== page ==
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Review of the Community Framework for State Aid for Research and Development

Comments by TAFTIE task force on the Changing framework for European R&D investments
According to the European Union’s Lisbon strategy Europe aims to be the world’s most competitive and dynamic knowledge-based economy. The Barcelona objective to raise the level of R&D investments to 3 % of GDP, of which 2/3 should be funded by private companies, further elaborates the strategy with regards to R&D and innovation.
It is vital that the Europe becomes more dynamic and more innovative. Innovative and dynamic markets are characterised by competition and sophisticated demand, which continuously push companies to develop new and innovative products, processes and services.
The regulatory framework concerning competition, R&D and innovation has therefore a significant role in the development of European economy. Competition and State aid regulations should allow sufficient incentives for R&D and innovation and at the same time ensure a level playing field for European companies not only within Europe, but also globally.
The framework
It has been widely recognised that the current Community framework for State aid for R&D is in need of review. The current framework is based on an outdated linear model of innovation. It fails to address the vital issue of public-private collaboration between universities, research institutes and companies. It does not sufficiently recognise the challenges faced by start-up and small companies, nor the importance of collaboration between large companies and SMEs. There is also a need to clarify and simplify the framework to make implementation easier and more unified among Member States.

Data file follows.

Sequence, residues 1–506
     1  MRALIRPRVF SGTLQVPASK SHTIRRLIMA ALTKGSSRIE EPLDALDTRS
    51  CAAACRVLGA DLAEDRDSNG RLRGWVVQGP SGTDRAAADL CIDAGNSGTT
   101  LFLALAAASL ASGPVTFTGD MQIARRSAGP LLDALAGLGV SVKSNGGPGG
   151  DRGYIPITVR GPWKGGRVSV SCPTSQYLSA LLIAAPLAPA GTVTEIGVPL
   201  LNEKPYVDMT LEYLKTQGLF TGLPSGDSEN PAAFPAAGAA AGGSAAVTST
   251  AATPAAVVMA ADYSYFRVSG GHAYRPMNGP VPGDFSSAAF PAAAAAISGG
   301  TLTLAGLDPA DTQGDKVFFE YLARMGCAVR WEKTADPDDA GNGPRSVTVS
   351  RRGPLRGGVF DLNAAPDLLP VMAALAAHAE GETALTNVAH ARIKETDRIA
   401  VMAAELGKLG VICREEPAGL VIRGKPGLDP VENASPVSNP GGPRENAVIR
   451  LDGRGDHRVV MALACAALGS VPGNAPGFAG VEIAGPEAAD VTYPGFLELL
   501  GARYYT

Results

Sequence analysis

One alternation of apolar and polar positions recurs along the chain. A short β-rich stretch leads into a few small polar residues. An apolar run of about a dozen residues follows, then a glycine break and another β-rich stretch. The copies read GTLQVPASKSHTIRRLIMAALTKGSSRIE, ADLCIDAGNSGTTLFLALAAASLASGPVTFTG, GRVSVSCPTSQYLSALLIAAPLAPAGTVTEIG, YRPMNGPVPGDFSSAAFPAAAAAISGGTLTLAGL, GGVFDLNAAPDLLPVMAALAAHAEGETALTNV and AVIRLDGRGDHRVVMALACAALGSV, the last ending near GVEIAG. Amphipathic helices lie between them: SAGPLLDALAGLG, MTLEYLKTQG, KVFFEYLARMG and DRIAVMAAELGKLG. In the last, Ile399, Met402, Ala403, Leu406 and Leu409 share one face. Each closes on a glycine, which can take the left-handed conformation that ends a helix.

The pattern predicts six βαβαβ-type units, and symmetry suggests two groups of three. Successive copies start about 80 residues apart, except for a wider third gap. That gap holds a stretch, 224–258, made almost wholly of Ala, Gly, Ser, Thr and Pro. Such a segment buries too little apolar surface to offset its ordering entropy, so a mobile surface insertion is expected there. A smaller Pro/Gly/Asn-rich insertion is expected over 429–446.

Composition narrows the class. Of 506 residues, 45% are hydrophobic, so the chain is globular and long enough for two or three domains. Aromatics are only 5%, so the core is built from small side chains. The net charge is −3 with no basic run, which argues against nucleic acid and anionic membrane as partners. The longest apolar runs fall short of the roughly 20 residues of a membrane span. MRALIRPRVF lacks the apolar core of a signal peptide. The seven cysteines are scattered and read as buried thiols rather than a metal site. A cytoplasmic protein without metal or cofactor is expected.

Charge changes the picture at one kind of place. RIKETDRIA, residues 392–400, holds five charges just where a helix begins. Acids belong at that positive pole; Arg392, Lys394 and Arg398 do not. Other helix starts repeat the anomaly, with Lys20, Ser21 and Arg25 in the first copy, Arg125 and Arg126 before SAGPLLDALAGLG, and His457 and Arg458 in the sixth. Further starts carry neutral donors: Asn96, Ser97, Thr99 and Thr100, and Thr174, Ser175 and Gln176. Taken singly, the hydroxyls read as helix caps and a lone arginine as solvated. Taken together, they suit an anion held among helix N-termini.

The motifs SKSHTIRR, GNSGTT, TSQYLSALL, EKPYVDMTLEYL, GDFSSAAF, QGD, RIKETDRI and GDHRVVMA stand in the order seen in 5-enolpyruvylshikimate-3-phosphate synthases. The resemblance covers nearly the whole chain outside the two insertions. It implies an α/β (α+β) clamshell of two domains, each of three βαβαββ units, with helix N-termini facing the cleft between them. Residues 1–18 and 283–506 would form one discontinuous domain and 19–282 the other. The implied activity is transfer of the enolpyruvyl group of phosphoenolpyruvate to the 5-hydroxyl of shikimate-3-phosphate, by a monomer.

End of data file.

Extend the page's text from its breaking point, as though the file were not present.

The key recommendations of the Taskforce are:
1.      Replace the outdated linear model of innovation and redefine current stages of R&D to cover a wider set of innovative activities.
Due to interconnectedness and parallel nature of modern innovation processes, it is not practical to define R&D separate from innovation, but rather see R&D in a wider context including various forms of innovative activities including those currently defined as R&D.
The distinction between fundamental research, industrial research and pre-competitive development should not be made based on the outdated linear understanding of innovation. However, the more directly innovative activities contribute to commercial activities, the more likely they are to cause market distortion. It is therefore practical to define stages (or rather types) of R&D (or rather innovative activities), which are eligible for high, medium and low levels of State aid.
It is also essential that a clear distinction between eligible and non-eligible (commercial) activities is made based on potential distortive effect of State aid.